People’s beliefs about emotions may be grouped into two main categories: beliefs about the controllability of emotions and beliefs about the usefulness of emotions. These beliefs influence emotion regulation efforts and mental health, so the assessment of these beliefs is important. However, few psychometric measures are available, particularly for assessing the usefulness dimension. In this study (N = 161), we address this issue by developing and conducting an initial validation of a 16-item self-report measure called the Emotion Beliefs Questionnaire (EBQ). Confirmatory factor analyses found its structure to consist of three first-order factors: a controllability factor spanning both negatively and positively valenced emotions (General-Controllability), and two valence-specific usefulness factors (Negative-Usefulness, Positive-Usefulness). All first-order factors also loaded together on a higher-order factor, representing an overall maladaptive beliefs about emotions construct. All subscale and composite scores had good levels of internal consistency. Correlational and regression analyses found that EBQ scores related in expected ways with other measures, and were significant predictors of emotion regulation abilities and psychopathology. We conclude that the beliefs about emotions construct is multidimensional, and the EBQ appears to be a promising new tool to assess it.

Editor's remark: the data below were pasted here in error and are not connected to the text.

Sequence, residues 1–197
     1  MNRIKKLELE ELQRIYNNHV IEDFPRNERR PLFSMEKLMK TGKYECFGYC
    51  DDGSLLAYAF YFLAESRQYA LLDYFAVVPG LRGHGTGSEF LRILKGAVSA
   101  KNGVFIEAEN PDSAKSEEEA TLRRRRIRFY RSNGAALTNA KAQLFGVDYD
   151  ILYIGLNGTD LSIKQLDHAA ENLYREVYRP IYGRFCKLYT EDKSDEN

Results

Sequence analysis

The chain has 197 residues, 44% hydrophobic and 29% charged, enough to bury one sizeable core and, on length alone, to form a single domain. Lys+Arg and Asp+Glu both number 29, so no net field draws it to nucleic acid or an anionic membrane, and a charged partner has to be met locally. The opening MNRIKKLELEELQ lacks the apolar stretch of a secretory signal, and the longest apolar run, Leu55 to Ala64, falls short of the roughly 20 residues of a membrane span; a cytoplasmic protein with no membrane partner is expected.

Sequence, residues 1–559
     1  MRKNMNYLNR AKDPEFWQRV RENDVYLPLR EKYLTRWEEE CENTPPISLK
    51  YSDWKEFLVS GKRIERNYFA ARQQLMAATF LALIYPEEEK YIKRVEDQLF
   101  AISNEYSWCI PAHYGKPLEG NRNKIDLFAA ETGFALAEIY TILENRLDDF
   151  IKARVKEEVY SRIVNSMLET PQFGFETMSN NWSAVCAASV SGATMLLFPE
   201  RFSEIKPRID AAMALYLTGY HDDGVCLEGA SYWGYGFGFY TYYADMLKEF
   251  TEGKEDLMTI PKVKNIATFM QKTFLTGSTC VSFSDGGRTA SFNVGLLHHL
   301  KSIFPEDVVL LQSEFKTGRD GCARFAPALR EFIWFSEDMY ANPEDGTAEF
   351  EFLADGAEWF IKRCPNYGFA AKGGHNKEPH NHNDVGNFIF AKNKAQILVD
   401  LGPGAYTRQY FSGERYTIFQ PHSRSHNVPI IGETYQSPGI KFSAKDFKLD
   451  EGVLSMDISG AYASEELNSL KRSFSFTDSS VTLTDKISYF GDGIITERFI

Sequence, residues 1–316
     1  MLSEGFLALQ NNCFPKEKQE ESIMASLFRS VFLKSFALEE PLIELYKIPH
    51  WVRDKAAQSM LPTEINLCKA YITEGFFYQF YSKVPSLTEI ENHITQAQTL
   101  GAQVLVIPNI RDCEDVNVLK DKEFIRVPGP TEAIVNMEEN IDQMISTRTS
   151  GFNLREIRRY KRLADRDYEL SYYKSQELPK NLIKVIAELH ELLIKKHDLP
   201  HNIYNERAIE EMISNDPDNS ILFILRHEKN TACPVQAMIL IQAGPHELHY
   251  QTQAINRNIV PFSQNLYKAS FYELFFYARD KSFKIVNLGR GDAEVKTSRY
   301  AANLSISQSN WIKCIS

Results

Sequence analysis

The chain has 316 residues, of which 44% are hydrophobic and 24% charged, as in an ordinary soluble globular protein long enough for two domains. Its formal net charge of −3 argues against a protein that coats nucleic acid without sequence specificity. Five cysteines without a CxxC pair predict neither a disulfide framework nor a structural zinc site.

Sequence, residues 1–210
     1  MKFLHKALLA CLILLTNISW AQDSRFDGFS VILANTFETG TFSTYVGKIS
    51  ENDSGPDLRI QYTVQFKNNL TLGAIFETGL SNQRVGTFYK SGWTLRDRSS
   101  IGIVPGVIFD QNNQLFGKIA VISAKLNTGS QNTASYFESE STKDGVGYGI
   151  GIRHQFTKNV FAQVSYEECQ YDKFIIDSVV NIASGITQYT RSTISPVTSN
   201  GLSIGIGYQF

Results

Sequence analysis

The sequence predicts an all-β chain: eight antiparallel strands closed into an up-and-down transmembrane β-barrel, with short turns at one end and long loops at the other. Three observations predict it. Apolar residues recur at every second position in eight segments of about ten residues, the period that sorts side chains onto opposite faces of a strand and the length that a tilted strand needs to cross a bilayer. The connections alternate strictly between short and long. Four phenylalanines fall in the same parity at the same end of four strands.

Becerra, R., Preece, D., & Gross, J. (2020). Assessing beliefs about emotions: Development and validation of the Emotion Beliefs Questionnaire. PLoS One, 15(4), [e0231395]. https://doi.org/10.1371/journal.pone.0231395